• Thomas D. Butler, Mayor, Village of Tarrytown

 

Kern Mojica

As a father of three and a Black educational leader, I celebrate African-Americans’ accomplishments throughout the year. To me, Black History Month serves as an important opportunity to shine a spotlight on the many achievements and indispensable contributions of African-Americans to the development of this country.

  • Kern Mojica, Principal, Carrie E. Tompkins Elementary School, Croton-on-Hudson

 

Rev Jeannette Phillips

Black History to me signals the fact that “Our Story” is steeped in over 400 years of history.  We must correct the narrative of Black American achievements as some history books left the pages blank or we were omitted altogether as hidden figures. Our efforts have helped America soar in spaces that go beyond this month but make every day spectacular!

  • The Rev. Jeannette Phillips, Executive Director of Housing Preservation Company; Executive Vice President, Community Development, Sun River Health

 

Colin Smith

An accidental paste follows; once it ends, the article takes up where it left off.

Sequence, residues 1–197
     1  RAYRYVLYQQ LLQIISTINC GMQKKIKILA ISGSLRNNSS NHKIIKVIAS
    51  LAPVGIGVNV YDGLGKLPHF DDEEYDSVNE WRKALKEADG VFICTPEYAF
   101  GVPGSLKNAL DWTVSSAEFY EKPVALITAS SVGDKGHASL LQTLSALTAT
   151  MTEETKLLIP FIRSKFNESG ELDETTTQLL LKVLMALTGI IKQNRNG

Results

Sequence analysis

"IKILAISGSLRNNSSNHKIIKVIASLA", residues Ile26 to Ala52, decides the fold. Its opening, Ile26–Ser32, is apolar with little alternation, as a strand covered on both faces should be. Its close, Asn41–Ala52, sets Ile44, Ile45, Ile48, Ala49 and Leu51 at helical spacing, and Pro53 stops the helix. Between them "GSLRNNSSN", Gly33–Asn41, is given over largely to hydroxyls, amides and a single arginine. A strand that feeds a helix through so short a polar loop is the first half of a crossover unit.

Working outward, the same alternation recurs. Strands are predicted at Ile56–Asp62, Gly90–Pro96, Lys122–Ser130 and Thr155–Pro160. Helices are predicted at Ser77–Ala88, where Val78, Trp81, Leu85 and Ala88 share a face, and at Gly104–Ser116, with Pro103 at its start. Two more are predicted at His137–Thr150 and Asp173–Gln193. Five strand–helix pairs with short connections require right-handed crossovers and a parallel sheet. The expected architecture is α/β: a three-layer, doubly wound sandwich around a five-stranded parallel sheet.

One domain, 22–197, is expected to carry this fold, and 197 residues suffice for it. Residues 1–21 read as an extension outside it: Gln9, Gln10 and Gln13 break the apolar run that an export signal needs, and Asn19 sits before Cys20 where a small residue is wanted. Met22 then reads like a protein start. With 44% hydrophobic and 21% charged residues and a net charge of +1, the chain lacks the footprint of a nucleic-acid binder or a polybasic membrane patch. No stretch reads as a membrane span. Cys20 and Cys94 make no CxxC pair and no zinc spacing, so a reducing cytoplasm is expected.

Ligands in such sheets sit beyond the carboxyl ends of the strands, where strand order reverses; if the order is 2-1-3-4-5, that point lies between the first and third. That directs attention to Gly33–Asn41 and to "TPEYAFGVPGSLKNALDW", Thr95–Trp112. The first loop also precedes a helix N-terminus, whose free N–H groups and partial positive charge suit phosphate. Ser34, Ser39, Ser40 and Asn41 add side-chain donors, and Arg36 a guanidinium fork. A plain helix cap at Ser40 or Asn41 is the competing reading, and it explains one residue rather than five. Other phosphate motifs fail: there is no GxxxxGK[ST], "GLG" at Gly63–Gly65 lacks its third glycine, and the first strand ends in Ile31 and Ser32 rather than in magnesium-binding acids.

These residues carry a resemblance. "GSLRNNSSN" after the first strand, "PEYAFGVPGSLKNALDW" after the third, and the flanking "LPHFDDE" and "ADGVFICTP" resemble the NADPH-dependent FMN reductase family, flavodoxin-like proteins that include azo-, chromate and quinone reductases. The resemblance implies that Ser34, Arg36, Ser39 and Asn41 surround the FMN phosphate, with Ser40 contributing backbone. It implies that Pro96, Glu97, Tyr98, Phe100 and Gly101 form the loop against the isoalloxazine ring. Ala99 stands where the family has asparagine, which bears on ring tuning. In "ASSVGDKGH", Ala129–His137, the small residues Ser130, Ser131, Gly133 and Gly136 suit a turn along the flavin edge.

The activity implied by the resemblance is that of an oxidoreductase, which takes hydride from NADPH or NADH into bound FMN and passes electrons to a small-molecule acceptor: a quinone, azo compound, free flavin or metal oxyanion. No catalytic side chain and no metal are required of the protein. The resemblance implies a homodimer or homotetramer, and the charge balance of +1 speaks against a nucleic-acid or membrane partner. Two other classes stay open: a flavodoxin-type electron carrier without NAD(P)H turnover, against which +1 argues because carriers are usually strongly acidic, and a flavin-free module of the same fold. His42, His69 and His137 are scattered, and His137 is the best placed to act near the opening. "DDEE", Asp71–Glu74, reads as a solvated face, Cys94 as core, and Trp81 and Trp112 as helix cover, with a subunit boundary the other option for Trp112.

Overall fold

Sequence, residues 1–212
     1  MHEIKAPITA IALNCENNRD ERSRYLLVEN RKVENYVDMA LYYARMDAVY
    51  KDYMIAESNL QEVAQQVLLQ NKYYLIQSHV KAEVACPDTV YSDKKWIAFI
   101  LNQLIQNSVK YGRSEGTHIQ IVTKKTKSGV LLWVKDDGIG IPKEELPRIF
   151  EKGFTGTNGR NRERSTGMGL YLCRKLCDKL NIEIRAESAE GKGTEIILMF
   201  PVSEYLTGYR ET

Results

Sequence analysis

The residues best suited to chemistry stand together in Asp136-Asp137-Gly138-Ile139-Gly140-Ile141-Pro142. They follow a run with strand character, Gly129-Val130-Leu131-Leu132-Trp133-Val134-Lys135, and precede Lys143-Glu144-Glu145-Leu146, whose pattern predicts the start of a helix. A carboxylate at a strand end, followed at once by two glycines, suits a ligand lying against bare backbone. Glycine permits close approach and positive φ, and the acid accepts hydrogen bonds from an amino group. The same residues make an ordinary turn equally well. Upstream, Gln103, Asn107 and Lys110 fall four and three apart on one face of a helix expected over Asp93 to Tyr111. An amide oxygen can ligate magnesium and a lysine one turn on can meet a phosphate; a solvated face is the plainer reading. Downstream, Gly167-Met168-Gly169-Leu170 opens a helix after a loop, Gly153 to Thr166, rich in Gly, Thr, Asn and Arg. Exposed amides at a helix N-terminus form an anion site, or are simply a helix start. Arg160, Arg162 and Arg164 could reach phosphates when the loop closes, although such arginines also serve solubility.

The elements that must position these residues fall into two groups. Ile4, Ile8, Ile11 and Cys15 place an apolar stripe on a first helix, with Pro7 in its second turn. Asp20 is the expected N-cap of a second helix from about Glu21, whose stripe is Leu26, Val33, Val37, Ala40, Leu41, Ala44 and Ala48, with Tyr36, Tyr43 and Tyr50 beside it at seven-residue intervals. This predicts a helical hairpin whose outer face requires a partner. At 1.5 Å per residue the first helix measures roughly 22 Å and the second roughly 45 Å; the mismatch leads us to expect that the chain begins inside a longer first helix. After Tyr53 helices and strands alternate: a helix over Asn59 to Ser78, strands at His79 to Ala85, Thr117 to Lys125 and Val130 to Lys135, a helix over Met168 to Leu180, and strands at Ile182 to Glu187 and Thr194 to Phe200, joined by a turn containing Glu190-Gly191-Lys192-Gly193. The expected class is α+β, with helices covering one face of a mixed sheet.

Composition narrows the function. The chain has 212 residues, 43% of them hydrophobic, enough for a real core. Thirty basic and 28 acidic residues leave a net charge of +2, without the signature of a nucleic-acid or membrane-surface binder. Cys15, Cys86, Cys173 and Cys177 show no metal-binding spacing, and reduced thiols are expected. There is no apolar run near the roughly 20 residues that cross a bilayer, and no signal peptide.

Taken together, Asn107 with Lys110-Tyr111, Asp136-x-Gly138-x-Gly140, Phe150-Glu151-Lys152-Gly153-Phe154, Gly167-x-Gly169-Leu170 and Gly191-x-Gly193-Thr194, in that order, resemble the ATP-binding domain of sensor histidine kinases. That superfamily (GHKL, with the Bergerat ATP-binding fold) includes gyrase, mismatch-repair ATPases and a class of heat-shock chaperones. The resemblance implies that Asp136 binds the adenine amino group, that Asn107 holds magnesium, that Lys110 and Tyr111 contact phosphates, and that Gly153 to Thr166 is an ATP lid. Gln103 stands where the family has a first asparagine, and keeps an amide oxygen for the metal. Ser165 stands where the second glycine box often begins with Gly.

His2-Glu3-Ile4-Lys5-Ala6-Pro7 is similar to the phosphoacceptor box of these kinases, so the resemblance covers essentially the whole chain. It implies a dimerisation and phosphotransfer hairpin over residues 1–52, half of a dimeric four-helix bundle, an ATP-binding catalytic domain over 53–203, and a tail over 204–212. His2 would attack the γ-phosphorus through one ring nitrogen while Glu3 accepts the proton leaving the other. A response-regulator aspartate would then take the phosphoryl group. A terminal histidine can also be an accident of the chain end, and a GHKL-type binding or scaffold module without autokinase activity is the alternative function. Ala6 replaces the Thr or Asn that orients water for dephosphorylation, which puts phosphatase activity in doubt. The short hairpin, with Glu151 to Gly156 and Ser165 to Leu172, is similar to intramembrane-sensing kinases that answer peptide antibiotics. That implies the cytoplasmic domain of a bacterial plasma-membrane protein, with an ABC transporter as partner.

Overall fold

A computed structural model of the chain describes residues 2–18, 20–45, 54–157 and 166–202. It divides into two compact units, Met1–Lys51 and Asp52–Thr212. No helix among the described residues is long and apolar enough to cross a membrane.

Each year, Americans come together to recognize the numerous achievements and contributions made by Black Americans to our great country. By celebrating Black History Month, we acknowledge the core principle that our strength is in our diversity.

  • Colin D. Smith, Esq., Legislator, Westchester County Disrtict 1

 

Duane Jackson

Black History Month reminds me of the “Magic of Black Women” who have been at the forefront of the fight against racial disparities. Women who were often the lost leaders willing to do the work but rarely receiving the recognition or accolades they deserved. Their legacy is hope for basic human and civil rights for all Americans.

  • Duane Jackson, Trustee, Village of Buchanan

 

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About the Author: Caedra Scott-Flaherty